Gauguin with the Grandparents

The petite, septuagenarian lady opened her bag to reveal two intricately sewn, foot-long, felt trees that would go on either side of the stupa the class had stitched.

“They have 126 leaves each and took me three days to make,” she said. She beamed as the other students at Auspicious Stitches, a workshop offered at the Rubin Museum of Art, showered her with praises.

The Rubin, home to an impressive collection of Himalayan and Indian art, is one of a growing number of museums, including the Museum of Modern Art (MoMA), that offer special tours, services, and workshops for older visitors, as well as for those with hearing and visual disabilities, and even dementia and Alzheimer’s. Both of these museums provide sign language guides and Touch Tours, which enable guests to feel sculptures while the guides discuss them.

On October 1, the Rubin hosted its monthly Senior Day, which offers visitors over the age of 65 free entry to the galleries, along with guided tours, movie screenings, and creative art sessions.

“It’s important as a museum to engage the community as a whole,” said Talia Shulze, assistant manager of media relations at the Rubin. “We want people of all ages to come and experience the art here. Senior Day is one of our busiest days of the month.”

The Auspicious Stitches program allows participants to work on a communal piece inspired by the museum’s collection. The class, held at the neighboring Rubin Education Center, hummed with the sound of sewing machines and the chatter of the students.

Amid the colorful swatches and bundles of yarn was Arlene Rubin, 77, an avid quilter and former professor at Brooklyn College. “I love this place. Someone told me about it, otherwise I would have never known it was here,” she said. “It’s a social thing to do – people mix and sometimes go out to lunch after class.”

Some members, like Lira Do Couto, take the activity very seriously, “I need more time to finish my piece, I went to sleep at 2 a.m. last night.” Do Couto said she liked to come to the class because she met people from different backgrounds and found the staff to be extremely supportive.

“I recommend this to a lot of people. If you like to sew then this is a great place to be, it’s like our little community,” she said.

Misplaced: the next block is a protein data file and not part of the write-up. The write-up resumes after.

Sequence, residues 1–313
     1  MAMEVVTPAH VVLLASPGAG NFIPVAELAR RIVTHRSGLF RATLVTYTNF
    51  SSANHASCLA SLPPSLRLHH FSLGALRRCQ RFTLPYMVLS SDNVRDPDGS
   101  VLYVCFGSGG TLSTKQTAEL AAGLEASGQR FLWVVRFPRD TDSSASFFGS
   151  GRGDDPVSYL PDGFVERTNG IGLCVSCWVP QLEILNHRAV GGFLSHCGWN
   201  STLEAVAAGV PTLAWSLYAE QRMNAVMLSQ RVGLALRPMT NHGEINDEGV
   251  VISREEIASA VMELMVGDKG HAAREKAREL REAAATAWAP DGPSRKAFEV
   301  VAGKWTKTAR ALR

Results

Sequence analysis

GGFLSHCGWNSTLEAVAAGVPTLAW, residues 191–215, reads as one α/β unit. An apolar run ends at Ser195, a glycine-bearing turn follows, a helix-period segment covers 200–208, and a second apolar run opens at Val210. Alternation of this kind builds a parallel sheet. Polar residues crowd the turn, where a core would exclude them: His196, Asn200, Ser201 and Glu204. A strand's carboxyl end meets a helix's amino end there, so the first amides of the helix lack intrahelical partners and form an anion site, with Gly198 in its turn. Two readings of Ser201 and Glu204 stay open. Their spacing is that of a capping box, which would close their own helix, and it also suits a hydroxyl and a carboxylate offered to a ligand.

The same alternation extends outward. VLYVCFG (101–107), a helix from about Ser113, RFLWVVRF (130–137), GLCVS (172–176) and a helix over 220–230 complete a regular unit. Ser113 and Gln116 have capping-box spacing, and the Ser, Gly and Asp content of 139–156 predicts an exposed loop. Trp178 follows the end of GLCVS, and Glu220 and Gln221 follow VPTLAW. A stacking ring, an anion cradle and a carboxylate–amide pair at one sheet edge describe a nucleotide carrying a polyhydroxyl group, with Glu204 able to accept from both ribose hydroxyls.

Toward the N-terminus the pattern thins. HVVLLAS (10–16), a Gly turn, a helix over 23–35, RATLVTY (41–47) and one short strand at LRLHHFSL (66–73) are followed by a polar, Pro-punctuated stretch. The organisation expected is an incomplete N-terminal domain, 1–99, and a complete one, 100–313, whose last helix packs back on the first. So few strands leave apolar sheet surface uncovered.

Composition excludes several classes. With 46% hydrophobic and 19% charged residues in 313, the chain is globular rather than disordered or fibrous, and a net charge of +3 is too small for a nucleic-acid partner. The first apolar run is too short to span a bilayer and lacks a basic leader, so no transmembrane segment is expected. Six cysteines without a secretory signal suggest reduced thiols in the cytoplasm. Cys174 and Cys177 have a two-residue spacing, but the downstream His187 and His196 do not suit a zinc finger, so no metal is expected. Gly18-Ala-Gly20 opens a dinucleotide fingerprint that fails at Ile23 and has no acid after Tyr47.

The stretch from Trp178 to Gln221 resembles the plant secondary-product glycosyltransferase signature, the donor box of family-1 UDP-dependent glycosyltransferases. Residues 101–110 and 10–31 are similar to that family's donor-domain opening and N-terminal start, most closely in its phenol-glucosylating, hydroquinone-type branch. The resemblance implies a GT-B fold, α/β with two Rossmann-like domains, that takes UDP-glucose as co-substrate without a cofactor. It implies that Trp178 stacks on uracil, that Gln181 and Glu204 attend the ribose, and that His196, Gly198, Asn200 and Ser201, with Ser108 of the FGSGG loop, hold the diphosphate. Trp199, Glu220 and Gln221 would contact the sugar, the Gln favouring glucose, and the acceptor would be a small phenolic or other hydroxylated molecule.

Art therapy, as opposed to viewing art, is very beneficial for seniors, according to Raquel Chapin Stephenson, an art therapist and part-time faculty at NYU Steinhardt School of Culture.

“Making art involves taking a risk. Many older adults have never made art or invested much time in it, so it can be intimidating,” said Stephenson. “It can also motivate an older person. For some, it’s just pushing through arthritic pain to get themselves out of their home and to the art group, for others, it means finding new ways to express themselves when they have lost vision or mobility.”

Many museums also have free programs specifically for visitors with dementia or Alzheimer’s. MoMA has the Alzheimer’s Project, supported by the MetLife Foundation, which gives patients and their caregivers a chance to develop their art vocabulary through discussions. “The programs are very popular,” said Meryl Schwartz, assistant educator, Alzheimer’s Project. “We worked with The Mount Sinai Hospital and the Alzheimer’s Association to recognize some of the symptoms we might encounter and learn effective communication techniques to deal with them.”

Another program, Meet Me at MoMA, is designed especially for dementia patients and is conducted during non-public hours to allow for a more focused and educational experience. In 2009, MoMA’s Department of Education published “Meet Me: Making Art Accessible to People with Dementia”, a guide to develop art programs for dementia patients, which included information from an NYU study where visitors of the program rated their experience. A majority of the participants said they would return to the museum, though they had been hesitant to do so earlier. This increased desire to return was influenced by a welcoming environment, social interaction and intellectual stimulation.

“There is an improved relation between the patient and caregiver,” said Schwartz, ” And the caregiver felt better about their employment situation after the visits.”

“I think any kind of stimulation, in any modality, is great,” said Judy Russo, a first time visitor at the Rubin Senior Day tour. “Sometimes seniors need an invitation or a push, so they like it when there are programs just for them. Plus, they’re always looking for a bargain.”

Published in The Midtown Gazette – October, 2012

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